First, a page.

Over the last year, we have seen redundancies in civil legal aid firms and not for profit advice agencies as a consequence of the cuts. Law Centres have been particularly badly hit. Since January, five Law Centres have either closed or are in the process of doing so (see March 2014 Legal Action 5). As advice providers close or are forced to withdraw from giving advice in areas of law no longer covered by legal aid, the options available for members of the public needing help dwindle, which helps feed the myth that no legal aid or other help is available for them.
One year into the LASPO cuts we are still largely dependent on the government’s original projections of the number of people who would lose out on a service once the scope cuts were implemented. Many lawyers and advisers talk to LAG about the clients they now have to turn away because they are no longer able to assist them, and there are many thousands more potential clients who never contact an adviser. Quantifying the numbers missing out on advice, and more importantly understanding the impact on their lives of not getting the help they need, is difficult, as large sample groups are needed to do this along with a rigorous methodology to produce results which are meaningful.
The Legal Services Research Centre (LSRC), a victim of the demise of the Legal Services Commission (LSC) under the LASPO Act, pioneered the use of large-scale surveys to study the incidence of legal problems and whether people had been able to obtain help with these. In its last survey, 2006–09, the LSRC found that 36 per cent of respondents had reported a civil justice problem.6Report of the 2006-9 English and Welsh civil and social justice survey, 2010, p13, available at: www.justice.gov.uk/downloads/publications/research-and-analysis/lsrc/2010/2010CSJSAnnualReport.pdf.
One-half of the people who reported a problem were successful in obtaining advice (page 49). LAG is currently conducting research using a similar methodology to try to measure the impact of the LASPO Act scope cuts, and we hope to have some preliminary findings from this later in the year.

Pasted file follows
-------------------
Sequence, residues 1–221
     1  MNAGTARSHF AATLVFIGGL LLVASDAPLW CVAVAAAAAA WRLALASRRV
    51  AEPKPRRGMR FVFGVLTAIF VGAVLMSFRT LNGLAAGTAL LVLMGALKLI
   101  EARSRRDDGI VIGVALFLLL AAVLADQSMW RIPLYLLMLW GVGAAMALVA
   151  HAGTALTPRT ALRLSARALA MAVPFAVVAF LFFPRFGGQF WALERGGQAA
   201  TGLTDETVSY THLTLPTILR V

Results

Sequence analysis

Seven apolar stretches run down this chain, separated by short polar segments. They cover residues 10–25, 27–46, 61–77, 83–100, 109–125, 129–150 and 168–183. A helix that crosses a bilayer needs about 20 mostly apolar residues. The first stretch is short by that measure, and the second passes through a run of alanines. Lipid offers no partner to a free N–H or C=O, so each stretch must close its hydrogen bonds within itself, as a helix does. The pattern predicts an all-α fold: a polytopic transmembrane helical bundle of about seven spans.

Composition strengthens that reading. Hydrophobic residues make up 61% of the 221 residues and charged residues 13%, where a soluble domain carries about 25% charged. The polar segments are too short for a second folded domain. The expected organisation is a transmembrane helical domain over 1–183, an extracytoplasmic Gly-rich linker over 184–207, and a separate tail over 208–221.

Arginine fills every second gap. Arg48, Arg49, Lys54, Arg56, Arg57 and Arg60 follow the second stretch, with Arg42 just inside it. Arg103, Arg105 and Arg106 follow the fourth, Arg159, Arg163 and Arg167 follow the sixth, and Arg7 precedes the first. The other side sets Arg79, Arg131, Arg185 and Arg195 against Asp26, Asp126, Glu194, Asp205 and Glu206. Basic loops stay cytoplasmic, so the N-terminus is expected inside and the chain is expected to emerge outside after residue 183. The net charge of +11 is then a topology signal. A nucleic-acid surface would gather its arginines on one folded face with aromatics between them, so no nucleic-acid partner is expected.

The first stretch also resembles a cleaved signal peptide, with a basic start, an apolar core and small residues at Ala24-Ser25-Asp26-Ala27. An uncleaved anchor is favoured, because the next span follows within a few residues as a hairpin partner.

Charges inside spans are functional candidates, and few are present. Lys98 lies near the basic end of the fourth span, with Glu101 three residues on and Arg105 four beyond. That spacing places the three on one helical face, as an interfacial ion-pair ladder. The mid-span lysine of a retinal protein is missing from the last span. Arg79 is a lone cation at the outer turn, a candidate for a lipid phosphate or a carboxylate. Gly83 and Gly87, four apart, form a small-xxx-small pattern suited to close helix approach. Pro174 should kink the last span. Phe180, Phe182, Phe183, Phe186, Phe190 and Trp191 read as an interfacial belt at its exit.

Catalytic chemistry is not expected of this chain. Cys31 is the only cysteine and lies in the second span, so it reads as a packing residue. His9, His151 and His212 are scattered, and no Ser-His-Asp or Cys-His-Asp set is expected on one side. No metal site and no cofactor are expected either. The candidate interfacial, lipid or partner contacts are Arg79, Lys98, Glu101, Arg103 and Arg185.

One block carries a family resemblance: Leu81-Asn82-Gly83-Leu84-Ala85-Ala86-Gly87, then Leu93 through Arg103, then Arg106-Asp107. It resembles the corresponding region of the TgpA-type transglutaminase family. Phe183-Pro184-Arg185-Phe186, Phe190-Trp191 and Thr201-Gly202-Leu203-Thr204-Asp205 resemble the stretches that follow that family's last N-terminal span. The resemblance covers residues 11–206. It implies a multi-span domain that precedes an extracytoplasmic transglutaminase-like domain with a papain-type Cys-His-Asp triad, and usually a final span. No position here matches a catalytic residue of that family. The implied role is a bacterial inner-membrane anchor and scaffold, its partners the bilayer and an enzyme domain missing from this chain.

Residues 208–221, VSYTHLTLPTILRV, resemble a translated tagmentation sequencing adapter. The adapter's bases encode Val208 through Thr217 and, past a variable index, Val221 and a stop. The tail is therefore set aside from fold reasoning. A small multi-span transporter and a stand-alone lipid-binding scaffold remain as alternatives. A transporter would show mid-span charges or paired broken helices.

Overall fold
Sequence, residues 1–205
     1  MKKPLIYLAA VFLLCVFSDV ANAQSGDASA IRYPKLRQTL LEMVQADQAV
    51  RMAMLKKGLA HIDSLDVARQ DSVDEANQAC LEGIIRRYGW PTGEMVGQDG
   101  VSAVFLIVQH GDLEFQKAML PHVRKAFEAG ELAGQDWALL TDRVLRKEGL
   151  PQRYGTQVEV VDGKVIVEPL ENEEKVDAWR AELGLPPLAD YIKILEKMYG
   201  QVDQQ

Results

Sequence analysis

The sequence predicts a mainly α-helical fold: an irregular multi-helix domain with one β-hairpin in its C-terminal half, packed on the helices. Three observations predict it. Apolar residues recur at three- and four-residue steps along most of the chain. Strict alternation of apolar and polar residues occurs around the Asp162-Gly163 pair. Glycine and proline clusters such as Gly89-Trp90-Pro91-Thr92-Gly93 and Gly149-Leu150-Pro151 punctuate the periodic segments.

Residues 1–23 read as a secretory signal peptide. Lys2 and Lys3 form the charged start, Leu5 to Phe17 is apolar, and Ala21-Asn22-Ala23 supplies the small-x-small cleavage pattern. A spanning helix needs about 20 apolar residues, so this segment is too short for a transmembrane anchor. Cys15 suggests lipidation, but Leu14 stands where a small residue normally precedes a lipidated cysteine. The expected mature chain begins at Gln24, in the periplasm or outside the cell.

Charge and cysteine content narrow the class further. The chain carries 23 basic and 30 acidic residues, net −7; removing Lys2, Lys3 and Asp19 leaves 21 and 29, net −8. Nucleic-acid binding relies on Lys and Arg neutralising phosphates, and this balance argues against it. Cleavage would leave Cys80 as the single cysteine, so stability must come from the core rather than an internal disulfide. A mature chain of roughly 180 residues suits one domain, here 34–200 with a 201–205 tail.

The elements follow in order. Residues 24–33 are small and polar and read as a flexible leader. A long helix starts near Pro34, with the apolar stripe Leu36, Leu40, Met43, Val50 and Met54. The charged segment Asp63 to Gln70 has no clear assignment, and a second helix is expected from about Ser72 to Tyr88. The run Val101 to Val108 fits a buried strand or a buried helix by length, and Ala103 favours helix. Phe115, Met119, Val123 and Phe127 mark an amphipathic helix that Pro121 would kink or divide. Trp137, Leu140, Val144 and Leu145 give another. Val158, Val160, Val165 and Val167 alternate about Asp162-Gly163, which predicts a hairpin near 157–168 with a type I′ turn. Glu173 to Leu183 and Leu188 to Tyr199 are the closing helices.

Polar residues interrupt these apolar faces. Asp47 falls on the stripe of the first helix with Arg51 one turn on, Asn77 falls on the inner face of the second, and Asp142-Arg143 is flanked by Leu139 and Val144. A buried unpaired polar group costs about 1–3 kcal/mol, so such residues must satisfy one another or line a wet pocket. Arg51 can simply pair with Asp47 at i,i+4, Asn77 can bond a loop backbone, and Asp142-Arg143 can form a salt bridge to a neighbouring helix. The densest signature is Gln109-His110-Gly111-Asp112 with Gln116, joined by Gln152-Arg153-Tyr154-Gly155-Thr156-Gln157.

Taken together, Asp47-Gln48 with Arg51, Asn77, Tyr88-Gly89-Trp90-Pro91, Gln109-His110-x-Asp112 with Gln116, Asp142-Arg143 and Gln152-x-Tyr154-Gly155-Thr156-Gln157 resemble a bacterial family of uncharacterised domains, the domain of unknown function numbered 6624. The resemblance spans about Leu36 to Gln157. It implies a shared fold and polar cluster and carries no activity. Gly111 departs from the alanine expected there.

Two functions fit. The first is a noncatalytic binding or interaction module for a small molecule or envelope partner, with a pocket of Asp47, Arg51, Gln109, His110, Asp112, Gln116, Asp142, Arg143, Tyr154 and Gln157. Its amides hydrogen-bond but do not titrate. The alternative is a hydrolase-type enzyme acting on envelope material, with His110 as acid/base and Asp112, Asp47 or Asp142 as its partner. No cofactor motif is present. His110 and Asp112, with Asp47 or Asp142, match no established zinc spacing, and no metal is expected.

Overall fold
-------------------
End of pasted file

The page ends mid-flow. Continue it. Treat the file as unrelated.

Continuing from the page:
Civil legal aid in danger
In addition to the scope cuts, LAG has highlighted the reducing take-up of the legal aid cases which remain in scope. The figures for some of the areas of law, such as housing, are much lower than was originally predicted.7Civil legal aid – the secret legal service?, LAG, September 2013, available at: www.lag.org.uk/media/133089/legal_aid_secret_service.pdf.
A combination of factors seem to be in play here, including a fear that the public now believe that there is no longer legal aid for any civil legal cases, due to the publicity the cuts have received. Another important issue is the government’s failure to put enough resources into the promotion of legal aid, especially on the internet.
Another threat to civil legal aid is that firms and other providers are being forced to adapt to cuts in scope by offering unbundled and paid-for services for clients, many who would have previously received legal aid. Citizens Advice Bureaux and other not for profit services are also reacting to the changes by at least offering some services through the use of volunteers and pro bono lawyers. These are all good pragmatic solutions, but should not be seen as more than a stop-gap and certainly not a permanent fix to the crisis that the LASPO Act has unleashed on the availability of legal advice. Published MoJ figures show that a very low number of exceptional cases have been granted: only 35 as opposed to the 5,000–7,000 which had been predicted by the MoJ.8Ad hoc statistical release – Legal aid exceptional case funding application and determination statistics: 1 April to 31 December 2013, MoJ, March 2014, p1, available at: https://www.gov.uk/government/uploads/system/uploads/attachment_data/file/289183/exceptional-case-funding-statistics-apr-13-dec_13.pdf.